The Sunday Times (UK) featured an intriguing look at the integration of sound and visual art. Tim Cooper writes:
Remember when art appreciation used to be a simple, straightforward affair? You walked into a gallery, looked at some pictures, or maybe a few sculptures, and that was that. Then came photography, followed by film, the emergence of performance art and all that conceptual stuff... Now, thanks to 21st-century technology, sound art – art for the ears, as well as the eyes – is bringing a new dimension to the art world.Actually, 'art for the ears' has been with us a long time. We call it music. More on this in a minute.
Cooper reports some of the imaginative ways aural and visual elements are integrated:
The full article gives fascinating details about these pieces.
You walk into a white room in a fashionable Oxford art gallery. A fractured, fragmented version of the [Beethoven] Moonlight Sonata echoes from an unmanned grand piano at one end. On the opposite wall is a white-on-white neon display of a telephone number. You dial, then listen. Down the line, you hear a whooshing, splooshing sound. You are connected, live and in real time, to a glacier melting in Iceland.
Meanwhile, at the Science Museum, in west London, displayed on a huge futuristic grid, you can see and hear thousands of messages sent by strangers in internet chat rooms all over the world as they are intercepted, live, in a work aptly entitled Listening Post. And soon, in a warehouse in central London, you will find five grand pianos, insides out, playing on their own over the disembodied voices of William S Burroughs, Claude Lévi-Strauss and Malcolm X. This is the splendidly titled Stifter’s Dinge, created by a German composer called Heiner Goebbels. It, too, is a work of sound art.
Cooper goes on to consider historical influences:
If sound art has a beginning, it seems to lie with postwar avant-garde composers such as John Cage, the start of a line that follows through to Brian Eno’s ambient music, the sound collagists Christian Marclay and John Oswald - forefathers of the “mash-up” - and electronic composers such as the Japanese minimalist Ryoji Ikeda.Edgard Varèse also belongs on any short list of this kind.
Yet most of those are primarily musicians with artistic inclinations.Oops. Gaffe alert.
All musicians have artistic inclinations. This is true by definition. Music is art. Making music is thus making art. The 'artistic inclination' of musicians is thus a given.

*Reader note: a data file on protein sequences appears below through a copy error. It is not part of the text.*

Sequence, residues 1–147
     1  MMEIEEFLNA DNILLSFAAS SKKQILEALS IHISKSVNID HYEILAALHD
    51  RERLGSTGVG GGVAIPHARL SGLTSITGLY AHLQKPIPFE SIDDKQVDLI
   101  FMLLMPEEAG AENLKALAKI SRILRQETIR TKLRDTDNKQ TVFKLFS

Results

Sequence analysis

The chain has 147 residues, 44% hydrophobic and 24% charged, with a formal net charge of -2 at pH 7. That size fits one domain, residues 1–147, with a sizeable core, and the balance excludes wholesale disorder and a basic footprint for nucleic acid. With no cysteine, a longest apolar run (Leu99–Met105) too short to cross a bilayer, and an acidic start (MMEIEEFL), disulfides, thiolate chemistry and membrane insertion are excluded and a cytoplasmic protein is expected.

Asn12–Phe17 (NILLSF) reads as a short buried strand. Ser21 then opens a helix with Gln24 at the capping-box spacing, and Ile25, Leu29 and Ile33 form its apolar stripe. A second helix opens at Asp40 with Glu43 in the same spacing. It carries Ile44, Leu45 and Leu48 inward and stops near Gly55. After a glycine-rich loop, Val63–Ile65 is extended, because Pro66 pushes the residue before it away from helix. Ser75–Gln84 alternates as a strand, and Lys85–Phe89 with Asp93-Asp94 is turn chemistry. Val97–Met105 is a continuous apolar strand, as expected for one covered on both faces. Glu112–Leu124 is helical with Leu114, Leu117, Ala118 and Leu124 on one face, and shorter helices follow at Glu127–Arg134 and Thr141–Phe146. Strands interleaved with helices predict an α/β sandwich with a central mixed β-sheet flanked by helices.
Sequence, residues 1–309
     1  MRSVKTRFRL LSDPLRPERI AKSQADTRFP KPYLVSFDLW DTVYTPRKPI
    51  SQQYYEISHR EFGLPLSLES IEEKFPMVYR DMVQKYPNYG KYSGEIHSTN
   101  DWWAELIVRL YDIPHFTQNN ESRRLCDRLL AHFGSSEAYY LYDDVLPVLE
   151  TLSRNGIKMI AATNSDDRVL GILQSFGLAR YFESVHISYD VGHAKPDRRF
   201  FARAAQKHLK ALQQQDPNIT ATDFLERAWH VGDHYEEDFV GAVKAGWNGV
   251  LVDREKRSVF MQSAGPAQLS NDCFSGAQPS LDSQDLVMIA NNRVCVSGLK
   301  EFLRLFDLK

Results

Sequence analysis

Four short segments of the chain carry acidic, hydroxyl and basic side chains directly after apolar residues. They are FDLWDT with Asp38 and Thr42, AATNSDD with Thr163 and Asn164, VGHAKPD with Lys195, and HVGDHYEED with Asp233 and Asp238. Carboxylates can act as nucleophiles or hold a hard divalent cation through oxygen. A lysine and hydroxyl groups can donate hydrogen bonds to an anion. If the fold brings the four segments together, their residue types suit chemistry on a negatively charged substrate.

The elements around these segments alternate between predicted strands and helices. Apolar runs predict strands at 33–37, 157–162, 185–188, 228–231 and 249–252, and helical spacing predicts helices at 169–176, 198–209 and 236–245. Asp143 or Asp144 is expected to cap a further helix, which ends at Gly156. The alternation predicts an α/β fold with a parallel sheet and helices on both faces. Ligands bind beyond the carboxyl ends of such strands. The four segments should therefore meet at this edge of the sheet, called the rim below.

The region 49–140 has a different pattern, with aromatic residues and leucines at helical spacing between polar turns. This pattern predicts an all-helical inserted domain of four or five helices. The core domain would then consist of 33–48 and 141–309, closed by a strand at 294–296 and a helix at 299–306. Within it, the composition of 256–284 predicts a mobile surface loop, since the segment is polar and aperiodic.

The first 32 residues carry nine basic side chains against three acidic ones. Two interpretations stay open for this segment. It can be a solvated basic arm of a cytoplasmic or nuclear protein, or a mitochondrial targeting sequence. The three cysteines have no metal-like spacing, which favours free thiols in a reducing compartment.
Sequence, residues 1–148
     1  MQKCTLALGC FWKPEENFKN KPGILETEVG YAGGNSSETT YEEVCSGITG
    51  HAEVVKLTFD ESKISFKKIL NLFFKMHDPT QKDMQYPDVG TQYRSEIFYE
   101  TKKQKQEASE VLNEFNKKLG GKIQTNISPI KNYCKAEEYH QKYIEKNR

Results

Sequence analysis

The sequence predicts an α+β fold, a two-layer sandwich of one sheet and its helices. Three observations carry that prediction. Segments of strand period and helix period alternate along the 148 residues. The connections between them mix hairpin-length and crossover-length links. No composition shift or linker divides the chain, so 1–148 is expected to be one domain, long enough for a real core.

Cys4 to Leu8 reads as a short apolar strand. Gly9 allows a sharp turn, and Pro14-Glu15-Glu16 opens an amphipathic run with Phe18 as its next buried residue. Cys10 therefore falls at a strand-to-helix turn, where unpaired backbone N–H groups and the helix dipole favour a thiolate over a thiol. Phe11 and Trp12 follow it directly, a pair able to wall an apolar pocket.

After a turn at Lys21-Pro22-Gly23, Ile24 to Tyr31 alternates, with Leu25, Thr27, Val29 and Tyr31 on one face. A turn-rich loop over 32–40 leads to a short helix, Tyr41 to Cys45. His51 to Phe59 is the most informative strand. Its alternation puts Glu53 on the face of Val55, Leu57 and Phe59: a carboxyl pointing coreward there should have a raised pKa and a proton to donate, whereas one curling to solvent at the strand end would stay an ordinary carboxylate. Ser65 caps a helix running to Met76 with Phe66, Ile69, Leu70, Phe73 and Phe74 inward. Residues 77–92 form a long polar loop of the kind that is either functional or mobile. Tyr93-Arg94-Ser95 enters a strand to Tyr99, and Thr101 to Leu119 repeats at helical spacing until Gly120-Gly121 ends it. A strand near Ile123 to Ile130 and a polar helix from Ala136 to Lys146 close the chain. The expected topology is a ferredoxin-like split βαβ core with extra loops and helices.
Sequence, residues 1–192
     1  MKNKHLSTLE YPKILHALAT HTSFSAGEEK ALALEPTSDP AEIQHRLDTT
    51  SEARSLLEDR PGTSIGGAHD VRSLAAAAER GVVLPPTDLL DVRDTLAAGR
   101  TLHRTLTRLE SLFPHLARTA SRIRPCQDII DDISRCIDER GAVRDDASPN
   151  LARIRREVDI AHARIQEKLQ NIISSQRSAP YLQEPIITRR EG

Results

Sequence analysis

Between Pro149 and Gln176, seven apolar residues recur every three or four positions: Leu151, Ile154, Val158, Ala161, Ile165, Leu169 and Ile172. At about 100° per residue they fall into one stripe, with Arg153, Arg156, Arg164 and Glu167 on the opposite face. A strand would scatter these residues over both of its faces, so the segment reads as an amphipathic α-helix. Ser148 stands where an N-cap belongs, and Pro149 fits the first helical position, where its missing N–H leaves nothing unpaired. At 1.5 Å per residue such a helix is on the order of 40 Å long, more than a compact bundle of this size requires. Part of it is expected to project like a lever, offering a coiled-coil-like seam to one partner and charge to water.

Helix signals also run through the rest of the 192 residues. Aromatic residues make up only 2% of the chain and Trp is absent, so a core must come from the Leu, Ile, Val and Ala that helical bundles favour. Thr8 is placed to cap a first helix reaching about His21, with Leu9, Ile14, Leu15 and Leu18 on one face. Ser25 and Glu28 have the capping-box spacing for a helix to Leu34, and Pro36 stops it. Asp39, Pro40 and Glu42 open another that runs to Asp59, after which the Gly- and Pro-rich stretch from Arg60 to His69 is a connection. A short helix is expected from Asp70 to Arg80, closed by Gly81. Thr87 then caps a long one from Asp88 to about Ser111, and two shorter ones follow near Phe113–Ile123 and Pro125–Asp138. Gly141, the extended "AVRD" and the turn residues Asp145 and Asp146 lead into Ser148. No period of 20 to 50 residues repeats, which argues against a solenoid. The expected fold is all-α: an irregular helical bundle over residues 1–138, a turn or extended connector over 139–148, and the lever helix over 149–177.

It's a tic among visual artists to use the word art as a synonym for only visual art. It is useful enough as a verbal shorthand when talking to other specialists. But it crashes and burns when you step out of the gallery and start discussing aesthetic issues. Here, it doesn't do to let gallery shorthand do your thinking for you. Categories are already understood. Art consists of creations in all sorts of media. Music is a subset of art, just as visual art is.
Here the tic leads to a working definition that is actually irrelevant to the art itself. The text asks us to understand sound art as 'sound structures created by primarily visual artists.' This is in contrast to music, understood here as 'sound structures created by primarily aural artists.' But this focus on the resumes of the individuals cannot be sustained. Where does it leave the work of Abbess Hildegard of Bingen, for example? She a was neither a musician nor a visual artist by profession. Was she making 'sound contemplation' and 'sight contemplation' instead of music and visual art? There is no need to let oneself in for this. Hildegard remains a noteworthy figure in the realm of both music and visual art. But it's not her resume, however we define it, that puts her there. It's the work itself.
Either way, the subject here is sound structures. The arrangement of sound for artistic purpose is music. Music is sound art. Sound art is music.
Rubin, 43, who cites Cage and Marclay as influences, sees sound art as having more distant roots. “In the early 20th century, the Russian futurists were doing orchestras with noise-making machines,” he says. “And within experimental music, there is a tradition of composers doing spatial-installation projects that push far outside what you would consider music, towards what we now consider sound art.”The assumption is that sound structures sufficiently original to 'push far outside what you would normally consider music' are 'not music' for that reason. But this is another distinction that makes no difference. Music does this all the time. The music makers of the world are forever pushing boundaries 'far outside what you would normally consider music.' I could offer many names, but just one closes the case. John Cage.
Music is the art of sound. Where sound is art, music exists. The two are the same.